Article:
Wednesday, 04 August 2010

Drum Out the VA

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On May 7, 1818, a veteran of the Revolutionary War named Asher Wright "personally appear[ed]" before Presiding Judge Sylvester Gilbert in the "District of Connecticut, ss. County of Tolland." Mr. Wright, "aged 63 years... doth, on his oath, make the following declaration...That he the said Asher Wright enlisted ... in the Continental Army... and served out the term of his inlistment [sic] being one year and that he is in reduced circumstances, and stands in need of the assistance of his country for support..."[i]

Mr. Wright had been a childhood friend of the legendary Nathan Hale, and he first went to war as his "waiter," or assistant. After the Redcoats hanged Captain Hale for espionage, Mr. Wright fought at White Plains and Trenton under General George Washington - more action than many troops saw and under the immortal Commander-in-Chief, too. So he was unusual in his record and experiences.

But he most certainly was not in his application for "assistance." Across the country, thousands of men who had fought for freedom in their youth demanded tyranny in their old age: they insisted the federal government tax — i.e., forcibly take or, more plainly, steal money from — their neighbors and share the plunder with them.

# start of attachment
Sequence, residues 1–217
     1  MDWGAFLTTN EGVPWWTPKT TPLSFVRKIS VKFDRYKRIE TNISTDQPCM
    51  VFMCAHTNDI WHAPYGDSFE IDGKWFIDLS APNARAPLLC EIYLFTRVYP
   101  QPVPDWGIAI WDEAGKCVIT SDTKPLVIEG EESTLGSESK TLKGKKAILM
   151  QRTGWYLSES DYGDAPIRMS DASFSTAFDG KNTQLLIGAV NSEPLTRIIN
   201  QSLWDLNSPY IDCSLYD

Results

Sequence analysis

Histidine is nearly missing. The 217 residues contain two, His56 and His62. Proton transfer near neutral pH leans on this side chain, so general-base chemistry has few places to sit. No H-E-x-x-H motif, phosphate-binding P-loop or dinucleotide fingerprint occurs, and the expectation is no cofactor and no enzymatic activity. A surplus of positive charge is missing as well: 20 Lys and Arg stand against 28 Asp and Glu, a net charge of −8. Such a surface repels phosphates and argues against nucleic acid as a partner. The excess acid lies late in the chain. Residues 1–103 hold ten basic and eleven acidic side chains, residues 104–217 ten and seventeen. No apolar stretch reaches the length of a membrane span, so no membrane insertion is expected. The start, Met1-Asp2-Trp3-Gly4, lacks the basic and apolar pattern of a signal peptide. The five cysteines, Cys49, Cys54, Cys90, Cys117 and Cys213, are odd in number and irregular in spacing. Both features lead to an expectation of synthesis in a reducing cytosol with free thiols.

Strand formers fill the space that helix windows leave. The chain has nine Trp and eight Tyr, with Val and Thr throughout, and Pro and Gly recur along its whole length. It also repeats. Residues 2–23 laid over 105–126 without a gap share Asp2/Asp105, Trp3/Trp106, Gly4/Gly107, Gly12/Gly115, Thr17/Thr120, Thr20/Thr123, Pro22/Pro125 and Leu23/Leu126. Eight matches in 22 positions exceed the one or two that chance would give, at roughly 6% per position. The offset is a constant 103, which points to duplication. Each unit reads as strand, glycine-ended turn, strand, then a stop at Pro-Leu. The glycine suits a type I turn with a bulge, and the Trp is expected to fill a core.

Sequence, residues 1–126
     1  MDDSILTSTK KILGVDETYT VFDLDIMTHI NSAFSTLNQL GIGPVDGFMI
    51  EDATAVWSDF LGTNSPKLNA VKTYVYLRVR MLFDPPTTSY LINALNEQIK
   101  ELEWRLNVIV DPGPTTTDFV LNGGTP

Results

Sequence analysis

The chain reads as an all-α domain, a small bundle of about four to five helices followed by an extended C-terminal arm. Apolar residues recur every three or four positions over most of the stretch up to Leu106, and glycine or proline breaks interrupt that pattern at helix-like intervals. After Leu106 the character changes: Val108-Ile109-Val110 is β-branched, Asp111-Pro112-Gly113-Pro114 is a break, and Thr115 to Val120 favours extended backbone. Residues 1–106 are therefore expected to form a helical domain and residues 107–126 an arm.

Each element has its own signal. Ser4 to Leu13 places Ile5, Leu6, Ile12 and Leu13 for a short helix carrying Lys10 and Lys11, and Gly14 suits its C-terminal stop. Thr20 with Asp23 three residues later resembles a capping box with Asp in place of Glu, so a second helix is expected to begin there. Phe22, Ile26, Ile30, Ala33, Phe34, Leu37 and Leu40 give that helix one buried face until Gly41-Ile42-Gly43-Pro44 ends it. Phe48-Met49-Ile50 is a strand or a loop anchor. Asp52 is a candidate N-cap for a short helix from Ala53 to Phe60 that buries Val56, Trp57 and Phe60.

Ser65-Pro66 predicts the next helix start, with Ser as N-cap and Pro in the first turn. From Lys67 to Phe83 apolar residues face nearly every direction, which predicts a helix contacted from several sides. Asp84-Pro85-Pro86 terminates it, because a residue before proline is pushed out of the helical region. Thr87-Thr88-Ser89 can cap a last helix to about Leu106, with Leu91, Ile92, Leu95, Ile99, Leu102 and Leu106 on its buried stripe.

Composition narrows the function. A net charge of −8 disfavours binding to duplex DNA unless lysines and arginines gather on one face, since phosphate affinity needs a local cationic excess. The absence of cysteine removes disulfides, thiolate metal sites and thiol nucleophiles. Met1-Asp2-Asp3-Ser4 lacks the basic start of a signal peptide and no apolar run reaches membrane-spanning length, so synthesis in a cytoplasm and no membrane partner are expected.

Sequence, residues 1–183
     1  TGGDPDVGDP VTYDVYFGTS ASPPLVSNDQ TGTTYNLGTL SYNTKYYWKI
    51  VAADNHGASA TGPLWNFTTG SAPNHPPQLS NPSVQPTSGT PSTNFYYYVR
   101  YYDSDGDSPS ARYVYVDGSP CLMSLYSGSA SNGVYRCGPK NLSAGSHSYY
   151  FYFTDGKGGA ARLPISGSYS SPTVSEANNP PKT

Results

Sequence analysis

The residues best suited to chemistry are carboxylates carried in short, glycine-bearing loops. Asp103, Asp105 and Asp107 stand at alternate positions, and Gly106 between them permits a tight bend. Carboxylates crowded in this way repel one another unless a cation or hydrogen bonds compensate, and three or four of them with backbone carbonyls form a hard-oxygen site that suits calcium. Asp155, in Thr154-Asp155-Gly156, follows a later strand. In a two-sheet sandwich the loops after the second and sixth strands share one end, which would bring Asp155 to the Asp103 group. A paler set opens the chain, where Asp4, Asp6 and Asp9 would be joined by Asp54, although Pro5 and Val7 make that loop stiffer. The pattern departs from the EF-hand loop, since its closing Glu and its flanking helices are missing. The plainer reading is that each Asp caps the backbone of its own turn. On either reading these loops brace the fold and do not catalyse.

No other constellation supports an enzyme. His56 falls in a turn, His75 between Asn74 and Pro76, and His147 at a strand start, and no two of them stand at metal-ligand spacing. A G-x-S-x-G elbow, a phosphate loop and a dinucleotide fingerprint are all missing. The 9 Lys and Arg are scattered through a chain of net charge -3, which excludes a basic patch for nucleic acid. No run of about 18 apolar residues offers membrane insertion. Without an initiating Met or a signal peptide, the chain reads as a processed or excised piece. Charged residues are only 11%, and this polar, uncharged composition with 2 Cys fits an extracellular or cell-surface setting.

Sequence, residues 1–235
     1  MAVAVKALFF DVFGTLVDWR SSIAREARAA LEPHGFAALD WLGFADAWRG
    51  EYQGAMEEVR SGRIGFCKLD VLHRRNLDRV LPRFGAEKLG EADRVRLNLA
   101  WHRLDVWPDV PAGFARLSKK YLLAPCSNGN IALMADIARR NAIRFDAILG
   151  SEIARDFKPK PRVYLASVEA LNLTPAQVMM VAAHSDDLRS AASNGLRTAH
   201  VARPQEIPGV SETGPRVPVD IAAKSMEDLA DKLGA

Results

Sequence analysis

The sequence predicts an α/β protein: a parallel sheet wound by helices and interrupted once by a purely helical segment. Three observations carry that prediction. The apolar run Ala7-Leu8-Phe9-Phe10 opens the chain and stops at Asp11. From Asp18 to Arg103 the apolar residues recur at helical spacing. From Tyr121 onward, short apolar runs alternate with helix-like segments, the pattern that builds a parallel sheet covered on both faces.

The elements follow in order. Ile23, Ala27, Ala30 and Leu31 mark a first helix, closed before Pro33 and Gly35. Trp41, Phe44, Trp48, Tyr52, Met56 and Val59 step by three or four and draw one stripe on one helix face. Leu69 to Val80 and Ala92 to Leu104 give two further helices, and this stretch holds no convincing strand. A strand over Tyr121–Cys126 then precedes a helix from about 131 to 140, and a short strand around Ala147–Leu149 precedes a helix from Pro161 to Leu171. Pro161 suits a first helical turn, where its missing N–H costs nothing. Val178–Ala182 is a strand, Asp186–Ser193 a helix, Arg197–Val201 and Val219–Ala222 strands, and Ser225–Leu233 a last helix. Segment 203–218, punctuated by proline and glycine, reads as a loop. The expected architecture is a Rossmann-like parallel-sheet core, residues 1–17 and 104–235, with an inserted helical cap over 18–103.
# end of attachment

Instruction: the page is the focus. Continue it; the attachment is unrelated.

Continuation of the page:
Congress had encouraged this socialism by passing "An act to provide for certain persons engaged in the land and naval service of the United States in the revolutionary war" earlier that year. The Act was only one in a series of legalized larcenies: the new nation's first Congress had barely convened before it passed "An act providing for the payment of the invalid pensioners of the United States" on September 29, 1789. Unfortunately, Davy Crockett with his opposition to compulsory "charity" at the taxpayers' expense wouldn't arrive in the House of Robbers-sorry, Representatives until 1827.

Some might — and did — argue that no reward was too great for soldiers who had suffered as severely as those in the Continental Army. And certainly the conditions they endured on a normal day in camp, let alone in battle or while marching, wounded or captured, defy modern comprehension: chronic shortages of rations (which may have actually been a blessing since they were barely edible), horrifically crowded tents for those lucky enough to have any shelter at all, and conditions so unsanitary that Washington spent much of his first months as general cajoling recruits to delay answering nature until they reached the latrine.